Hyundai has used its annual powertrain conference in Korea to unveil a new Atkinson cycle 1.6 litre engine petrol engine, which will form part of Hyundai’s future hybrid strategy.
Also shown at the conference is a new front-wheel-drive eight-speed automatic transmission which will find its way into Hyundai’s larger vehicles.
Kappa 1.6 GDI Engine
The new Kappa 1.6 GDI engine will be available from 2016 and will appear under the bonnet of Hyundai’s coming hybrid and plug-in hybrid vehicles.
The engine utilises an Atkinson combustion cycle, which favours efficiency over power, and features cooled exhaust gas recirculation, and a long stroke specification to maximise thermal efficiency.
Split thermostat cool allows the block coolant to run at a higher temperature compared to the cylinder head, speeding warm up times, while suppressing knock and improving fuel economy.
Direct injection is supplied by six-hole laser drilled fuel injectors, with the high pressure fuel system capable of a maximum 200bar delivery pressure for more precise delivery reducing emissions and fuel consumption.
Overall the new engine, and its associated technologies, is able to achieve 40 percent thermal efficiency, 10 percent higher than a comparable standard engine.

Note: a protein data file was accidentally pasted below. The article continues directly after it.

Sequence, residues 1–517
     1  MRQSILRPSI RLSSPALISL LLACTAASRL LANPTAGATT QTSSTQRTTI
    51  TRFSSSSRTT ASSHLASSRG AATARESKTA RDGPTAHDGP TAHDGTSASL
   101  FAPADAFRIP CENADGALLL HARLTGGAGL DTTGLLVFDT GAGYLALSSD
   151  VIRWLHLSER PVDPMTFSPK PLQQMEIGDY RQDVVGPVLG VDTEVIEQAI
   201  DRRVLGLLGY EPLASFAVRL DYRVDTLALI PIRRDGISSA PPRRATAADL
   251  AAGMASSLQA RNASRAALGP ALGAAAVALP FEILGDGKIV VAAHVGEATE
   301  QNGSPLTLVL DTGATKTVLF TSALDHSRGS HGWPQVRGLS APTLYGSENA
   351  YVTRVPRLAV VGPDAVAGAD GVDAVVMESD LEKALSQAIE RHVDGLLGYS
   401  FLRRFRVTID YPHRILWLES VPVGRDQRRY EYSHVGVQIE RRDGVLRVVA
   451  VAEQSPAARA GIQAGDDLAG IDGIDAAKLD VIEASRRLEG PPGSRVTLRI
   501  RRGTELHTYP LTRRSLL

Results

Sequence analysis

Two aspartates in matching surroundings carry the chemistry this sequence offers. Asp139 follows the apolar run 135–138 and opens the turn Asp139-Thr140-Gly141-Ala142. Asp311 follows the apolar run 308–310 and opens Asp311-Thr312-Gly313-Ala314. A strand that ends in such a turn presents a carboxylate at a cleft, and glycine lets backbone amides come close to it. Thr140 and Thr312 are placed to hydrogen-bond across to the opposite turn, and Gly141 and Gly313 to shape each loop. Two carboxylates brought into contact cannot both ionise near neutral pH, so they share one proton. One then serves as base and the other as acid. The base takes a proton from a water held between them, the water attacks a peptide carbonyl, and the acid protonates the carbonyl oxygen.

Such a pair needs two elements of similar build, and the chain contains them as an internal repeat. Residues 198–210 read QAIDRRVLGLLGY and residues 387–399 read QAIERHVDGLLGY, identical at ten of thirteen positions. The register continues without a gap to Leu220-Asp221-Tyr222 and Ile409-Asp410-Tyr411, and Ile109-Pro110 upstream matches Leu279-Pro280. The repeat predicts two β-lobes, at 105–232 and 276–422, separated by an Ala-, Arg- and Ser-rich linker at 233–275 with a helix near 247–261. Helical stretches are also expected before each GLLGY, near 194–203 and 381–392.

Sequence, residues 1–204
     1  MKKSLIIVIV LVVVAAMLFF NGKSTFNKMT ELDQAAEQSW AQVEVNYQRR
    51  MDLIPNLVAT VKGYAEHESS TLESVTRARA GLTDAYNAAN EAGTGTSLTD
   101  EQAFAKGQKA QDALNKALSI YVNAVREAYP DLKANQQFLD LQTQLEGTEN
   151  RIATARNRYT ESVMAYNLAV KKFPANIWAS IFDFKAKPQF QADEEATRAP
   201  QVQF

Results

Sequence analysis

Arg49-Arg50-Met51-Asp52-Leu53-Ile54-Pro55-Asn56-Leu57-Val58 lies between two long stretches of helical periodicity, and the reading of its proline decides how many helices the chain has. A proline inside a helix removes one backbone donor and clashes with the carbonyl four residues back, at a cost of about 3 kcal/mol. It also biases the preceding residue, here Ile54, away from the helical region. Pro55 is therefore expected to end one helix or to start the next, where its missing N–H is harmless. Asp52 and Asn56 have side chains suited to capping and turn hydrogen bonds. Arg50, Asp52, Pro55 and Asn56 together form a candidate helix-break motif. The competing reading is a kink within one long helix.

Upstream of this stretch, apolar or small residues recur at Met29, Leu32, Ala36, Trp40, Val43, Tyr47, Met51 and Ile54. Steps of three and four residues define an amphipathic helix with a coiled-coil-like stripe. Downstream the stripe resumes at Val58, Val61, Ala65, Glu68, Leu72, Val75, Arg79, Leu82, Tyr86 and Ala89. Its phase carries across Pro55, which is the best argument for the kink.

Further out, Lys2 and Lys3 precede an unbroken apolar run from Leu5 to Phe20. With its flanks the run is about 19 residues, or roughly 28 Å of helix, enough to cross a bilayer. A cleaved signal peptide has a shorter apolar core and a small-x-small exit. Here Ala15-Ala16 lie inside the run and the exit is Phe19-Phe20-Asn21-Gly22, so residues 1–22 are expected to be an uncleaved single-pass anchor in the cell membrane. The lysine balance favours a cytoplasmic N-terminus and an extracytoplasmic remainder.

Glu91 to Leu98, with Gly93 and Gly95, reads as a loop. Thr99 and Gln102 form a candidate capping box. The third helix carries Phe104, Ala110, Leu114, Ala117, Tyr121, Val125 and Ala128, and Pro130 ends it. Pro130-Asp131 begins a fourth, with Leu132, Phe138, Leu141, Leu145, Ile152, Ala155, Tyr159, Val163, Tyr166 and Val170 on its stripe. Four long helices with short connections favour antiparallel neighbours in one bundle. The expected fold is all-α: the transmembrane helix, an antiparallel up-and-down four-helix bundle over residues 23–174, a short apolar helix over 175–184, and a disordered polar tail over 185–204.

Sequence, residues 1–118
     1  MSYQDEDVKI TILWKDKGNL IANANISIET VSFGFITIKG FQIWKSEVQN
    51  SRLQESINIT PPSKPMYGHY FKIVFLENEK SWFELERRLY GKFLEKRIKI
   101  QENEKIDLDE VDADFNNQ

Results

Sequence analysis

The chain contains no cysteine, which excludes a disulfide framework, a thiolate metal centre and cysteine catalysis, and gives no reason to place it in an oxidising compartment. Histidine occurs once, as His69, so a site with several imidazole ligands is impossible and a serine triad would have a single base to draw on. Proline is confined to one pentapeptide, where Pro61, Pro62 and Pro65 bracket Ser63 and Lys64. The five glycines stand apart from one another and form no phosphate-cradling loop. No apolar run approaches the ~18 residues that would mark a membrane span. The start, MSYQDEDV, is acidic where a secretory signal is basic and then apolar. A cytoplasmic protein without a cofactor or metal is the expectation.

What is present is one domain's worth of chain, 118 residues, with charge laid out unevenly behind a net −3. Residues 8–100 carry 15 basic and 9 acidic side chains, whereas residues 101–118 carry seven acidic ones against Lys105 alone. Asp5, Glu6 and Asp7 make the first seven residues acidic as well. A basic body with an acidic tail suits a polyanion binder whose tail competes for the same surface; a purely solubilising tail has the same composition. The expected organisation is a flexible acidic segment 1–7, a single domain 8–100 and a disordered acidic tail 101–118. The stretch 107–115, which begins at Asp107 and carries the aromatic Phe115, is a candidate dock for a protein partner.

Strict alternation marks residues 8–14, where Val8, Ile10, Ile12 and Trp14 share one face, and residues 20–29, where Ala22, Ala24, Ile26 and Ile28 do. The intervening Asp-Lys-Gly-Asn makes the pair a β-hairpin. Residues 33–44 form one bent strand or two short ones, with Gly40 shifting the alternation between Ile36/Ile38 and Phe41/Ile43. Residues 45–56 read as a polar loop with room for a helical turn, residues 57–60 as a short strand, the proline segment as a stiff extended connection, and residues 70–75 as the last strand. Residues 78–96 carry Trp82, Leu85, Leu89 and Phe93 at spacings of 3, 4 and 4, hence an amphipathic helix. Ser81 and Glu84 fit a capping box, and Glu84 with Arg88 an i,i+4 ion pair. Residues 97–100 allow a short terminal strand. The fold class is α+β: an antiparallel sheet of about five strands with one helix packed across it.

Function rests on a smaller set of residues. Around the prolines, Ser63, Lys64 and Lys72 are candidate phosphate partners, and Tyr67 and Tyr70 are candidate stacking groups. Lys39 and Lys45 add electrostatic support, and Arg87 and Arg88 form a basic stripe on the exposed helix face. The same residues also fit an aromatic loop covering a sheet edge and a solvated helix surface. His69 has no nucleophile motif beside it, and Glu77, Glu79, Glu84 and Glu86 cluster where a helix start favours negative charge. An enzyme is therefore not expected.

Outputs for the Kappa 1.6 GDI are rated at 77kW and 147Nm - any shortfall from the new engine will be supplement by the electric motor teamed with the new engine in Hyundai’s as yet unannounced hybrid Prius challenger.
Front Wheel Drive Eight-Speed Automatic
A new eight-speed automatic, designed for front wheel drive applications has also been shown, able to improve fuel consumption by 7.3 percent compared to Hyundai’s existing six-speed automatic.
As well as a wider spread of gear ratios, the new transmission offers a multi-disc torque converter, 3.5 kg reduces weight, direct control valve body, and a re-engineered oil pump.
The new features are designed to reduce friction losses, improve gear shift times and feel, and offer fuel economy improvements.
The new transmission is designed to be coupled with the company’s Lambda, Theta turbo and R family of engines as seen in vehicles such as the Santa Fe, Sonata and Tucson in Australia.
Hyundai has yet to announce when the roll-out for the new transmission will begin.
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